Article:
The Belgian and European energy markets are strictly regulated.
In Belgium, regulatory powers regarding the energy markets are divided between the Federal State and the Regions. The federal authorities regulate electricity and natural gas tariffs, the high voltage electricity grid (with a voltage of over 70 kV), the storage and transport of natural gas, the production of electricity (with the exception of the production of electricity from renewable energy sources and combined heat and power systems) and nuclear power.
The Regions concern themselves with the distribution of electricity via networks with a voltage of less than or equal to 70 kV, the distribution of natural gas, the production of electricity from renewable energy sources and combined heat and power systems, rational use of energy and social public service obligations.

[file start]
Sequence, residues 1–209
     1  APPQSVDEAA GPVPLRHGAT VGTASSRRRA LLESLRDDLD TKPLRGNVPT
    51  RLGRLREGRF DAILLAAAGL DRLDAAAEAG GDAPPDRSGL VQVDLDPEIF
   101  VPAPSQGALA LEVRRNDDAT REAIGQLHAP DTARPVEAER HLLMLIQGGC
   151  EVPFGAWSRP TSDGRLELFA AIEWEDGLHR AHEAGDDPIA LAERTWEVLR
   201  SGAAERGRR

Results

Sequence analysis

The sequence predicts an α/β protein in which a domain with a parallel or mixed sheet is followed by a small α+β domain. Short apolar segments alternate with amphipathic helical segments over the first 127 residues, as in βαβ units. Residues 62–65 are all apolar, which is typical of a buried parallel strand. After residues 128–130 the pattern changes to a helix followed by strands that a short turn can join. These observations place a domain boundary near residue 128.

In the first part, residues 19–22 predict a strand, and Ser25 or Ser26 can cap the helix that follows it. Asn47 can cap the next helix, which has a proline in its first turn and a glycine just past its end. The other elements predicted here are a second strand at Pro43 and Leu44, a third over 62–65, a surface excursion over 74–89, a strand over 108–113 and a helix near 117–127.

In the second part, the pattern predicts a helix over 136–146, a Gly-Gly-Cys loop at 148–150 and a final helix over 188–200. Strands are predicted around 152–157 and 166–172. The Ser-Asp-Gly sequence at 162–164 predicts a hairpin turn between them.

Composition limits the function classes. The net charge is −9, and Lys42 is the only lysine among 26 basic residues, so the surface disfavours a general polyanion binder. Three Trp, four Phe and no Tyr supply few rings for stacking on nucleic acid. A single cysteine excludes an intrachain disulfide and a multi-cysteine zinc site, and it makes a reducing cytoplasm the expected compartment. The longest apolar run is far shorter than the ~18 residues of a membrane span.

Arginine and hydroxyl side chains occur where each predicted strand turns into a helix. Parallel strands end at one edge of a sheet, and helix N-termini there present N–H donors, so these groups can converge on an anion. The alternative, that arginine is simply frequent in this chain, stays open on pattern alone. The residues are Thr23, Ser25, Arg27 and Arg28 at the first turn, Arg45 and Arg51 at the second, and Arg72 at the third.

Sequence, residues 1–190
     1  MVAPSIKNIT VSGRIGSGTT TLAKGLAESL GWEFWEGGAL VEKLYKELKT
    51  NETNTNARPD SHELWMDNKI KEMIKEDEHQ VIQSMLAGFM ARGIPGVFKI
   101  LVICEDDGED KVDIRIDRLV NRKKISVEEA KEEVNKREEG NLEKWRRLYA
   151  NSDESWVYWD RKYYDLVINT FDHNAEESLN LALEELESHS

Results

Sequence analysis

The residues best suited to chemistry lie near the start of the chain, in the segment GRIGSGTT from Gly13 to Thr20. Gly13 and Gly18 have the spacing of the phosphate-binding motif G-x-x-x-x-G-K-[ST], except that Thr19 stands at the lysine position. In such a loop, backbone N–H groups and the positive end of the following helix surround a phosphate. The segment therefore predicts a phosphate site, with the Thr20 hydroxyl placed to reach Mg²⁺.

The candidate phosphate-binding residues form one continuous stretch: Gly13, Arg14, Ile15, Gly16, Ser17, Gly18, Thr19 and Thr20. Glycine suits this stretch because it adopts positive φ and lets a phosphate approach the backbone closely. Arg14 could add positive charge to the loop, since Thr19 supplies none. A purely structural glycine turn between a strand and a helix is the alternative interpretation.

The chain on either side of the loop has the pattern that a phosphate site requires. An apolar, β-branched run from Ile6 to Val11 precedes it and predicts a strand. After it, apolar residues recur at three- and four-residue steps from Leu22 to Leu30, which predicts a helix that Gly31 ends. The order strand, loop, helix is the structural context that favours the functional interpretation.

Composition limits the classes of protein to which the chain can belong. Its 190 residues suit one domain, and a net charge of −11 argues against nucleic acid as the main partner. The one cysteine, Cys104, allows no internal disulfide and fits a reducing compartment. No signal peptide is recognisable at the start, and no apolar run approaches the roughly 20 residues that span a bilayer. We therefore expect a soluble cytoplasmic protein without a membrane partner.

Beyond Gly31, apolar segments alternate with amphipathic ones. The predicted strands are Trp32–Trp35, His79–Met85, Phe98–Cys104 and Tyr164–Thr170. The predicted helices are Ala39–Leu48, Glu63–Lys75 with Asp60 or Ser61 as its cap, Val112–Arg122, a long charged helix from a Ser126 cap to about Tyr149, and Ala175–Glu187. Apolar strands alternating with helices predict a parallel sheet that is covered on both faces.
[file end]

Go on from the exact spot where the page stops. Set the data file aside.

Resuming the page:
This means that in this relatively small country, no less than four market regulators (one federal, three regional) issue new rules on market access, consumer rights, tariffs, technical requirements, etc. on an almost daily basis.
They also issue a significant number of guidelines and interpretations, adding to the complexity of the regulatory framework. Finally, transport and distribution of electricity and gas are controlled by government-held agencies and companies (often with an important role for municipalities).
It is therefore important both for market parties (especially new entrants) and governmental agencies and companies to be able to secure accurate and up-to-date legal advice on the ever changing legal framework as well as solid legal assistance whenever this legislation is brought before the courts (e.g. the Constitutional Court in case of legal review or the civil courts in case of disputes over tariffs or green certificates).